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Father Pfleger Appeals To Business Community To Hire Youth

Father Pfleger Appeals To Business Community To Hire Youth

By Chinta Strausberg

Flanked by scores of unemployed youth each holding a copy of their resume, Father Michael L. Pfleger Monday held a press conference at the Saint Sabina Church calling on businesses to give young men and women a chance by hiring them and not use a record as an excuse to exclude them; rather let it be a stepping stone for their future.

“We have seen a decrease in violence in the city of Chicago and we’re glad by that; yet don’t be fooled the violence is still going on,” said Pfleger referring to the killings and shootings over the weekend where one person was killed and seven shot last Saturday night alone.

Referring to the Auburn Gresham community, Pfleger said since he began his peace basketball leagues and tournaments/GED classes last year, he was able to hire 1100 youth last summer at 187 work sites.

“We’ve seen a drastic drop (of violence) in this community,” he told reporters. Referring to several reports including one from the University of Chicago, Pfleger said “when people have jobs, when people have options, crime and violence go down.”

Thanking the police for their role in stemming the violence, Pfleger turned and looked at former street leaders, Brandon, Pat, Kirk and Juan thanking them for helping to keep the peace in the community. This was achieved when last year Pfleger brokered a peace accord last September among four rival gangs whose members are now called “peacemakers.” “Our team work out in the streets every day to try to keep violence down in the community.”

But, looking at the applicants who stood behind him, Pfleger also thanked them and others “who made a conscious decision to stop the violence and to help bring peace in our community to save our lives and save our community.”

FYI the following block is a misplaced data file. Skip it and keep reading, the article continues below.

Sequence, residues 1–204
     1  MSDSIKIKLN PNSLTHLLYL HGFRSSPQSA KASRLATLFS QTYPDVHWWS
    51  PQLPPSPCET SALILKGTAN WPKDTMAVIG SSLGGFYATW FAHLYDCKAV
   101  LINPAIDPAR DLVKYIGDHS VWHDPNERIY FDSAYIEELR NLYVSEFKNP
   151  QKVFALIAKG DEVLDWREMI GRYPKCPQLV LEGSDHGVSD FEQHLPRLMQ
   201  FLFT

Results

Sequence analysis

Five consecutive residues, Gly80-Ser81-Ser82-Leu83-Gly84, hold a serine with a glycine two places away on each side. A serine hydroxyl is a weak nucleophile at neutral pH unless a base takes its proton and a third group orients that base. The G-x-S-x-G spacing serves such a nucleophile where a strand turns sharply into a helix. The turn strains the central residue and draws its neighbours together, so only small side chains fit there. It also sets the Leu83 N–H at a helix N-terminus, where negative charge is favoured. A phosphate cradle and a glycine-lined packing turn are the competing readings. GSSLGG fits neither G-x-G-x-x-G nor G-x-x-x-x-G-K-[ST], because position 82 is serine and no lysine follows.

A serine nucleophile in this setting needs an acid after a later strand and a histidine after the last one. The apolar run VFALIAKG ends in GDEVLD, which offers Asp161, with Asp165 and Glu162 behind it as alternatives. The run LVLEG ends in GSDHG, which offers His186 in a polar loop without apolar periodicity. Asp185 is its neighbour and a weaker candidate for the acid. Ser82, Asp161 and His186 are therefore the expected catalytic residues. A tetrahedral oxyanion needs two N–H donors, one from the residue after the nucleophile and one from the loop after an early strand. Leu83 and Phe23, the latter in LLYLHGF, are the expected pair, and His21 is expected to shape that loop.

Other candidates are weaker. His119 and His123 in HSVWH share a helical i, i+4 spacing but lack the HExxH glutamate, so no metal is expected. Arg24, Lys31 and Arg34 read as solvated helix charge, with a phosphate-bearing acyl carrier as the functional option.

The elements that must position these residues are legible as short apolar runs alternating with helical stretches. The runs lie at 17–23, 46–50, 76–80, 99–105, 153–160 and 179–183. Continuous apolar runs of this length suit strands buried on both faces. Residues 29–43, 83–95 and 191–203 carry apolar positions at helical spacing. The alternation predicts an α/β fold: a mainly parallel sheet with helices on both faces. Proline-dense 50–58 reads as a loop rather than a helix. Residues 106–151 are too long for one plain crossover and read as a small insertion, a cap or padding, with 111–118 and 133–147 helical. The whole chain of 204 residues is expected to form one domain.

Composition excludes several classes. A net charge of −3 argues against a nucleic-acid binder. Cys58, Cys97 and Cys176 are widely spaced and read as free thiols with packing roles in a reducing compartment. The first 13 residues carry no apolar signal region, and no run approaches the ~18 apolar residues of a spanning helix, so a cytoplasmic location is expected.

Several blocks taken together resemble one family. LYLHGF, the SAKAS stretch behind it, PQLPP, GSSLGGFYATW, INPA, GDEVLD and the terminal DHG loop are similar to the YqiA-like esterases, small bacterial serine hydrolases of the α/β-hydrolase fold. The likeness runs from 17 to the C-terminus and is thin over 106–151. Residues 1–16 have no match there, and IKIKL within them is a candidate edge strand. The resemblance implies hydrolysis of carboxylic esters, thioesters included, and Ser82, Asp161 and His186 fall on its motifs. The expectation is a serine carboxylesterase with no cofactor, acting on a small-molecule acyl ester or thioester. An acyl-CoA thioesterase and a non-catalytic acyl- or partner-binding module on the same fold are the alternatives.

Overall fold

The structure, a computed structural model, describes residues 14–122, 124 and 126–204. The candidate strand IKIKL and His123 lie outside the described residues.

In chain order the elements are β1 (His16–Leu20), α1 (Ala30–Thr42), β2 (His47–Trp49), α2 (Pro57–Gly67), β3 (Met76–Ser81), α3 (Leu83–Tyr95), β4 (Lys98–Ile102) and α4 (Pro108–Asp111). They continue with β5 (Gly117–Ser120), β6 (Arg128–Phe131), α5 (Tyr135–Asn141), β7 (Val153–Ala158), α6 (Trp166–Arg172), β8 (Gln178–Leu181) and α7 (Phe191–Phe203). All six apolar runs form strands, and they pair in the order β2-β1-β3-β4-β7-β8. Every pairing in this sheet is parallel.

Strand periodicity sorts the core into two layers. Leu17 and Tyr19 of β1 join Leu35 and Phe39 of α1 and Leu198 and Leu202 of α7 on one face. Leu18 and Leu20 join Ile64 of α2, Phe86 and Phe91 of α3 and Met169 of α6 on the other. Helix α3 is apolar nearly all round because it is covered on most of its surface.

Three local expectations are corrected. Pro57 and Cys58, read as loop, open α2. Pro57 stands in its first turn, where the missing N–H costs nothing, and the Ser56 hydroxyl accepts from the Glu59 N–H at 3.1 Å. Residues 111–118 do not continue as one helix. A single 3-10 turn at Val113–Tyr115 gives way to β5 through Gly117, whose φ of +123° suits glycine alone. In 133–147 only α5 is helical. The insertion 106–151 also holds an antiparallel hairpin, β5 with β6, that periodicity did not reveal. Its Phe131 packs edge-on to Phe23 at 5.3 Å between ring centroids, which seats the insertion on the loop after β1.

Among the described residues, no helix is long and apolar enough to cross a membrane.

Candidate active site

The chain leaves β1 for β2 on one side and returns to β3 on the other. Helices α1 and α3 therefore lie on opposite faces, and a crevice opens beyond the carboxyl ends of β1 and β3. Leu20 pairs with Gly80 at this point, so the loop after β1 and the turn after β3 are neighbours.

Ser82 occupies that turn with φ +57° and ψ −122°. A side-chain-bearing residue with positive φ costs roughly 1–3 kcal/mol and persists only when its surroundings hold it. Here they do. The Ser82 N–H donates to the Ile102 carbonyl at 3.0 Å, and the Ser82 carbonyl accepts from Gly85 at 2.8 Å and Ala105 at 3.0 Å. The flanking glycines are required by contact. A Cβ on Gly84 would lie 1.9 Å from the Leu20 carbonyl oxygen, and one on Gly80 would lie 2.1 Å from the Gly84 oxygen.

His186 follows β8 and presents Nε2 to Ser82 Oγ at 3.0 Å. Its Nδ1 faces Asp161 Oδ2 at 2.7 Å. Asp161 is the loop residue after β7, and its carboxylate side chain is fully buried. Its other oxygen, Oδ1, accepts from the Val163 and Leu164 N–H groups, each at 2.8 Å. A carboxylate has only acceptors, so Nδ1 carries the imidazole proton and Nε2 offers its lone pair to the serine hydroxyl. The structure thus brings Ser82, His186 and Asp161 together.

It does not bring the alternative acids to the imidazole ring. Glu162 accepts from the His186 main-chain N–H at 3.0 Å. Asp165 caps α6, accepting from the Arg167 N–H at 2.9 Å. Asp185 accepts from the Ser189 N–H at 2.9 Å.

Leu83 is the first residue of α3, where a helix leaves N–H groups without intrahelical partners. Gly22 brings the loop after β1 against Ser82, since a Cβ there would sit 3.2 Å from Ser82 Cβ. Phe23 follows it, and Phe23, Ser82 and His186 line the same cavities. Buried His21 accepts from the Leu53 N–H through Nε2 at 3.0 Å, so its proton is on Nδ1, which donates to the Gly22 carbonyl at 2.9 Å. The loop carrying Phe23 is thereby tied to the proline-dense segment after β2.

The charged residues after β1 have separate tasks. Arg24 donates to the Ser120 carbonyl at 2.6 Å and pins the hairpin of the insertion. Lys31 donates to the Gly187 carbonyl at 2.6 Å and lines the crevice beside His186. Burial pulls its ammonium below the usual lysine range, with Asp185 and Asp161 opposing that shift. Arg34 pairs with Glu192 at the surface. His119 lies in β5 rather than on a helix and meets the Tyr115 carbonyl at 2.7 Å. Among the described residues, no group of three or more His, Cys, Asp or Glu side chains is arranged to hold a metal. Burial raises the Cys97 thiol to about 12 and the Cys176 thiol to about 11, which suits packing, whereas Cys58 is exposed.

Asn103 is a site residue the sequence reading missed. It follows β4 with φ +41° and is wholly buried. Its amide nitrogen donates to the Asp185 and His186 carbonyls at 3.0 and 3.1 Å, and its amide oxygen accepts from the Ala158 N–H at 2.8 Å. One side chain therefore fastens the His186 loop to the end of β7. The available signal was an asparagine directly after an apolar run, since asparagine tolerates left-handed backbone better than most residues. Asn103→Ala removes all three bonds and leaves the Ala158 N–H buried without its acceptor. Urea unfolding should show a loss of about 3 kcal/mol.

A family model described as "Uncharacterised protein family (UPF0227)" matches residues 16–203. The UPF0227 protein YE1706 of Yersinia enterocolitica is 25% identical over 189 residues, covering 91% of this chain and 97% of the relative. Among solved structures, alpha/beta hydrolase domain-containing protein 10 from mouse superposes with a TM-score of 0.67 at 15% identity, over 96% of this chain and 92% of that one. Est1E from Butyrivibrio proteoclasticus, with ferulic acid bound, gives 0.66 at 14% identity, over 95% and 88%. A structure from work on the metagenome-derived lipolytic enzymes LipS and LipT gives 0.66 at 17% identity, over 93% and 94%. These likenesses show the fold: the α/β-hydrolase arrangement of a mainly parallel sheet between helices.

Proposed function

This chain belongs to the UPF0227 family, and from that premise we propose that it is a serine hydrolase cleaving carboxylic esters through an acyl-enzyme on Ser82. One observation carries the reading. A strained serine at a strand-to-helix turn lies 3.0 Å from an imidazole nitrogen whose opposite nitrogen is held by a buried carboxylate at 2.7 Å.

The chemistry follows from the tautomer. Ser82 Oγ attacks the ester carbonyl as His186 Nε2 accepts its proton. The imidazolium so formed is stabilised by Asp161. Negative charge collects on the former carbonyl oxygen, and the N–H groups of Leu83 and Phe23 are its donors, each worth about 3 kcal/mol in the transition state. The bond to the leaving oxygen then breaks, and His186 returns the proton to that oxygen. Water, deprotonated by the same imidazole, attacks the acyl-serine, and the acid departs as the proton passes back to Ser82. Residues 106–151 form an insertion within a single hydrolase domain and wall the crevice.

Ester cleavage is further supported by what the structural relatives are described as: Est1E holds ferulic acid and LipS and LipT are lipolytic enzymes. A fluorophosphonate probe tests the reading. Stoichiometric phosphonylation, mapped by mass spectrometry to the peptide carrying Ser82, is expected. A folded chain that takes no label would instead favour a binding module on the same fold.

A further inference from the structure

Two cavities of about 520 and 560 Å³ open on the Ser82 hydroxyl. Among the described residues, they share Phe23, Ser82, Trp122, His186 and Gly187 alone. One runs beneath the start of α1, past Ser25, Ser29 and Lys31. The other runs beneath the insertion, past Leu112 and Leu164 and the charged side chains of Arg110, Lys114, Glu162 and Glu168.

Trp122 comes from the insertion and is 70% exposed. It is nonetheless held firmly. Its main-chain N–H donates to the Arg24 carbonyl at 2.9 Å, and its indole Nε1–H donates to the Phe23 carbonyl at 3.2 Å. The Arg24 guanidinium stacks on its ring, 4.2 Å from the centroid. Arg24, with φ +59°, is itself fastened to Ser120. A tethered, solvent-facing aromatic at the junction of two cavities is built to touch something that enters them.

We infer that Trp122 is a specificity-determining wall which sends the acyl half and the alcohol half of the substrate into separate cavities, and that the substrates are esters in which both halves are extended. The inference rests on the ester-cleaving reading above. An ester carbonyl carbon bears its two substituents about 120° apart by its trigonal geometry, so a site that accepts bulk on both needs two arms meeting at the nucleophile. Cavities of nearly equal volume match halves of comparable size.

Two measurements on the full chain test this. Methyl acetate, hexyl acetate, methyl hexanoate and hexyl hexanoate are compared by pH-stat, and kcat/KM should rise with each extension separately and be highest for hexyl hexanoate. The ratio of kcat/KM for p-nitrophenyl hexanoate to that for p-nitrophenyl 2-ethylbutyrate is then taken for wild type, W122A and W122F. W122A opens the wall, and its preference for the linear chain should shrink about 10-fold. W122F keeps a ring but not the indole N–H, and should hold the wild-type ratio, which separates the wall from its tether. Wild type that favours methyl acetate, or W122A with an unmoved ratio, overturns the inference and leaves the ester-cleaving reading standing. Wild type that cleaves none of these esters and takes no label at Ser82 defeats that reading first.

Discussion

Making it clear, Father Pfleger said the real long-term solution to ending violence is “about real opportunity…about transformation…about giving options. We cannot just tell young people don’t shoot, don’t sell drugs…and not give them things that they can do…. We can’t just keep saying it’s wrong and not give them things that are right.”

Referring to the applicants, Pfleger said “they are sons and daughters, brothers and sisters, mothers and fathers who want peace in the streets just as bad as anybody else in the city of Chicago but they need jobs to take care of themselves, their children and to help out with their families,” he said asking each to hold up their resumes.

“They want to work now. They want to be hired right now,” he said asking the private sector, the city, state, county and federal government to provide jobs for these youth.

Saying “it was a great thing” to be able to get city and state grants needed to hire 1100 young people this past summer, Pfleger said, “We’re grateful, but when the summer ends, all of a sudden there’s no job. Yet, he said, “They have responsibilities…rent… The responsibilities continue. We need year around jobs. Even a part-time job is better than no job. Give us something….”

“If you really want to help bring peace in Chicago, then give people an opportunity to get jobs…” so they can take care of themselves and their families. Pfleger said if companies don’t have jobs but are willing to send money to get them work, send the money to him and they will be hired.

Asked about companies who claim they can’t find qualified people who don’t have records, Pfleger said, “We do job preparation and job training…so they are prepared and they are ready…. I think when they say they can’t find qualified folks, I think more often that not, that is an excuse why they are not hiring anybody,” he said turning to the youth and asking them if they are qualified and ready to work.

“If you want to talk about records, the whole world is focused on Nelson Mandela. He has a record…27-years in the penitentiary because of treason. He was called by every country a terrorist and he became president (of South Africa) and now all the world is calling him great. A record ought not to be a stumbling block. It should be a stepping stone….”

For those who have a record and have paid for their crimes, Pfleger said, “Let them go free and go on with their future.”

For job offerings, please call the Church rectory at 773.483.4300 or the Saint Sabina Employment Resource Center at 773.783.3760.

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